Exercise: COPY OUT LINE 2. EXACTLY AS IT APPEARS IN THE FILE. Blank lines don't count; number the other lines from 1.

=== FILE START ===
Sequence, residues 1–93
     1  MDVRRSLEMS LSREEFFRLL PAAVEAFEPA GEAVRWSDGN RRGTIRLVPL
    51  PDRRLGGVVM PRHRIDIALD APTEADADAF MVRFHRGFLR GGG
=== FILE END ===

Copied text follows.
     1  MDVRRSLEMS LSREEFFRLL PAAVEAFEPA GEAVRWSDGN RRGTIRLVPL